Regarding the human-animal relationship, Prof. Thomson also has something to say and his words have a special significance for Buddhists. He writes that although there is no warrant for calling animals moral agents, for the reasons we have seen, “a few highly-endowed types, such as dog and horse, which have become man’s partners, may have some glimpse of the practical meaning of responsibility,” and that there are cases in which possibly “ideas are beginning to emerge.” That there is the possibility of such ideas being formed in the animal mind, and that they can be encouraged and cultivated, is nothing strange to Buddhist thought. The evolution of personality is as much a certainty as the evolution of biological types, and since it is concerned with the mind it is often much more rapid.

Buddhism takes into full account the animal’s latent capacity for affection, heroism and self-sacrifice. There is in Buddhism more sense of kinship with the animal world, a more intimate feeling of community with all that lives, than is found in Western religious thought. And this is not a matter of sentiment, but is rooted in the total Buddhist concept of life. It is an essential part of a grand and all-embracing philosophy which neglects no aspect of experience, but extends the concept of personal evolution to all forms of sentient life. The Buddhist does not have to ask despairingly: “Why did God create obnoxious things like cobras, scorpions, tigers and tuberculosis micro-bacterium?” The kitten on the lap and the uninvited cobra in the bed are all part of a world which, while it is not the best of all possible worlds, could not be different, since its creator is craving. The universe was not brought into existence solely for man, his convenience and enjoyment. The place man occupies in it is one he has created for himself, and he has to share it with other beings, all of them motivated by their own laws of being (dhammatā) and will to live.

So in the Buddhist texts, animals are always treated with great sympathy and understanding. Some animals indeed, such as the elephant, the horse and the Nāga, the noble serpent, are used as personifications of great qualities. The Buddha himself is Sākya-sīha, the Lion of the Sākya clan. His teaching is the lion’s roar, which confounds the upholders of false views.

The stories of animals in the canonical books and commentaries are often very faithful to the nature of the beasts they deal with. Thus the noble horse, Kanthaka, pined away and died when its master, Siddhattha, renounced the world to attain Buddhahood. That story has the ring of historical truth. The Canon also records one occasion, at least, when the Buddha himself found brute society more congenial than human. The incident calls to mind Walt Whitman’s poem: “Sometimes I think that I could live with animals….” On this occasion an elephant, Pārileyyaka, and an intelligent monkey were the Enlightened One’s companions when he retired to the forest to get away from quarrelling bhikkhus. In the story, after the troublesome monks’ bad conduct had caused the Teacher to leave them, they found themselves abandoned by their lay supporters, and the lack of food and necessities quickly brought them to their senses. The Buddha, meanwhile, was being kept supplied with all he needed in the way of fruits and drink by the devoted animals. If the reader finds the story hard to believe, he may take it as allegorical. In either way its meaning is clear enough, for bhikkhus as much as for laymen.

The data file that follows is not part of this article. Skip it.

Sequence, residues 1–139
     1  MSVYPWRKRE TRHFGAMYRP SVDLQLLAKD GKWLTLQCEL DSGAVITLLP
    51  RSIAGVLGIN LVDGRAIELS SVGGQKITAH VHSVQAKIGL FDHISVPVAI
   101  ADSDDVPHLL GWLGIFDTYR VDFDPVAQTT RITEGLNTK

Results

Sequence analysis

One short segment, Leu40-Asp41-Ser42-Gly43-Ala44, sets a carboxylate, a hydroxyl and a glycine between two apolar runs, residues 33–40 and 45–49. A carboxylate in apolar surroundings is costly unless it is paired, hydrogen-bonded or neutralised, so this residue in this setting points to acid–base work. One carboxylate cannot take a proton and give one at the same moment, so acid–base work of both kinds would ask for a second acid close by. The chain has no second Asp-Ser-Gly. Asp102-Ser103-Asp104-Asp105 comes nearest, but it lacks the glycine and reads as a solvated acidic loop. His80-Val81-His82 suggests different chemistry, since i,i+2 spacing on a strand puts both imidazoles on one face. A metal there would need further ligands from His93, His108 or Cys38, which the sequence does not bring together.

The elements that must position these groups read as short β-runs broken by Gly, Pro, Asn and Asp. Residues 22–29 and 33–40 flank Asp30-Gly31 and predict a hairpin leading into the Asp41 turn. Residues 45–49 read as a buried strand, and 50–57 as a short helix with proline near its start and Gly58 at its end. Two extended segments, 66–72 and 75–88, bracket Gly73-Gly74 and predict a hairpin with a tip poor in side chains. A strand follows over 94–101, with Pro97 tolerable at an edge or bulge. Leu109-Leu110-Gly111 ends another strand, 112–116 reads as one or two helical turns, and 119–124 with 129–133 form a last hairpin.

Then there was the case of the elephant, Dhanapālaka, which suffered from homesickness in captivity and refused food.

The Buddha immortalised it in the stanza;

dhanapālako nāma kuñjaro
katukappabhedano dunnivārayo
baddho kabalam na bhuñjati
sumarati nāgavanassa kuñjaro.

“The elephant Dhanapālaka,
in rut and uncontrollable,
eats nothing in captivity,
but longs for the elephant-forest.”
   ( Dhammapada, v. 324)

Also from the Dhammapada Commentary is the tale of Ghosaka, a child who was laid on the ground to be trampled on successively by elephants and draught-oxen, but was saved by the compassionate beasts walking round instead of over him. The suckling of this child by a she-goat is reminiscent of other stories, such as that of Romulus and Remus, suckled by a wolf, and Orson by a bear. These are accounted legendary, but there have been well-attested cases in recent times of human children being nurtured and raised by animals. It is known to have happened in India and Ceylon.

The good nature of animals is the subject of several Jātaka stories, the best known being that of the hare in the moon (Sasa Jātaka) and the story of the heroic monkey-leader who saved his tribe by making his own body part of a bridge for them to cross the Ganges (Mahākapi Jātaka). In both cases the animal-hero is said to have been the Bodhisatta in a previous birth. Mahāyāna Buddhism in particular emphasises that the Bodhisattvas (the Skt. form of Bodhisatta) manifest themselves in the animal world just as in the human. This is pictorially represented in the Tibetan wheel of life, which has the twelve nidānasof dependent origination around its rim, while inside are shown six major divisions of saṃsāric existence: the purgatories, the world of unhappy spirits, of angry spirits (Asuras), of radiant spirits (devas), of humans and of animals. In each of them a Bodhisattva is depicted teaching the Law.

Among the less well-known of the Jātaka tales there are many others that give a prominent place to animals. Among them there is the Chadanta Jātaka, in which the Bodhisatta appears as a six-tusked elephant; the Saccamkira Jātaka, which contrasts the gratitude shown by a snake, a rat and a parrot with the base ingratitude of a prince; and the curious tale of the Mahākusala Jātaka, where a parrot, out of gratitude to the tree that sheltered it, refuses to leave the tree when Sakka causes it to wither as a test of the bird’s constancy. There is even an elephantine version of Androcles and the Lion, in which a tusker gives itself and its offspring in service to some carpenters out of gratitude for the removal of a thorn from its foot. The theme of animal gratitude runs very strongly through all these tales. They are obviously intended to teach humans the importance of this high virtue, in which men show themselves all too often inferior to the brutes.